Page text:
Action Control Orientation: Moderating Effects on Outcomes in Children with Attention Deficit/hyperactivity Disorder

Open Access
Mattei, Gina Marie
Area of Honors:
Bachelor of Science
Document Type:
Thesis Supervisors:
  • Cynthia L Huang Pollock, Thesis Supervisor
  • Kenneth Levy, Honors Advisor
  • Attention Deficit/Hyperactivity Disorder
  • ADHD
  • Action Control Orientation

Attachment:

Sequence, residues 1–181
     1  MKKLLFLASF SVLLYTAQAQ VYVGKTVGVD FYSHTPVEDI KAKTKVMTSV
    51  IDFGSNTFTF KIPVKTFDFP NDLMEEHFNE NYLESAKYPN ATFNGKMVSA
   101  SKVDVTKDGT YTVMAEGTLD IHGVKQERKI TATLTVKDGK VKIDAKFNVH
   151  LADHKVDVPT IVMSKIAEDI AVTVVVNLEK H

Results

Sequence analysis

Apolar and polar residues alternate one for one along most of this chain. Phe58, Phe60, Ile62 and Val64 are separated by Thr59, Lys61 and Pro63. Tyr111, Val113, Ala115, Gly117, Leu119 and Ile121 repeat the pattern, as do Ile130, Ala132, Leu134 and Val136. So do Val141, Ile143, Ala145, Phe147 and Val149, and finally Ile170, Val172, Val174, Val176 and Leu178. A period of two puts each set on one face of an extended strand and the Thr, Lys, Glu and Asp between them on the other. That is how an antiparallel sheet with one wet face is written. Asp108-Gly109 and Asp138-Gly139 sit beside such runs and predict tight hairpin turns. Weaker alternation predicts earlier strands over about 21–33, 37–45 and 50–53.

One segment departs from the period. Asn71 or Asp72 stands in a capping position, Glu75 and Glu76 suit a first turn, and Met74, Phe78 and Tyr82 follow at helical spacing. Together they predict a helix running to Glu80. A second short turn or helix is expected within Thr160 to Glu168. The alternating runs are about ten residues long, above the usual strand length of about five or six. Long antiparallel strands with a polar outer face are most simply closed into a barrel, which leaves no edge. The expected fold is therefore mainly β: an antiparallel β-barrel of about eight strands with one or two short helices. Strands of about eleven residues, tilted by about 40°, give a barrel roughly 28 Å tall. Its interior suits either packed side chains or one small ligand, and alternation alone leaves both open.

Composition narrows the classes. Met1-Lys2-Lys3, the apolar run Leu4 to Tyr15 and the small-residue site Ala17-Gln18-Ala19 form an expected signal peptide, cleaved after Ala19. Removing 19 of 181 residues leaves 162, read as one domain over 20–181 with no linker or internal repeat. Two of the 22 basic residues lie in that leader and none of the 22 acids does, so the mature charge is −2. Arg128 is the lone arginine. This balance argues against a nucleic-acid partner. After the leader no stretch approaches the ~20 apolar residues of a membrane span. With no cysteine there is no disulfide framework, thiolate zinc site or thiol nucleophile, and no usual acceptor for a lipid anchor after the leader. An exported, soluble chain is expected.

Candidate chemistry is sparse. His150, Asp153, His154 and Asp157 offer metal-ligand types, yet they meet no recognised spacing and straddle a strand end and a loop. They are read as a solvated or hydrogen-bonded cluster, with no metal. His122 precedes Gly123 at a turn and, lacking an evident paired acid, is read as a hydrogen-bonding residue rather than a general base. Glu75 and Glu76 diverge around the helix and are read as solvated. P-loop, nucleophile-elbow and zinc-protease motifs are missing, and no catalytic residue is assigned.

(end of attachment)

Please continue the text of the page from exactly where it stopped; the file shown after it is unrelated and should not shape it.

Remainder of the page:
Objective: ADHD is often associated with deficits in executive functioning, academic achievement, and social-emotional well-being. Action Control Orientation refers to one’s level of goal direction and persistence along a continuum of action to state orientation. Having an action orientation indicates persistence when faced with tough decisions or failure experiences, while state orientation indicates hesitation or rumination. The current project explores whether Action Control Orientation might moderate a range of outcomes in children with and without ADHD. Methods: 102 children with ADHD and 107 non-ADHD controls completed the Action Control Questionnaire (ACQ) and a comprehensive neurological battery. One parent and one teacher of each child completed questionnaires about the child. Parents also completed a clinical interview and a version of the ACQ about their child. Results: Moderating relationships were only found in terms of Parent Report AOF with depression and Child Report AOF with aggression. Results indicate that Action Control Orientation predicts the outcome experiences of children above and beyond that of ADHD status in areas of social skills and anxiety, depression, and aggression symptoms. Conclusion: These findings suggest that Action Control Orientation may be a useful tool designing treatments for children with ADHD; teaching children action-oriented skills could improve their experiences and outcomes.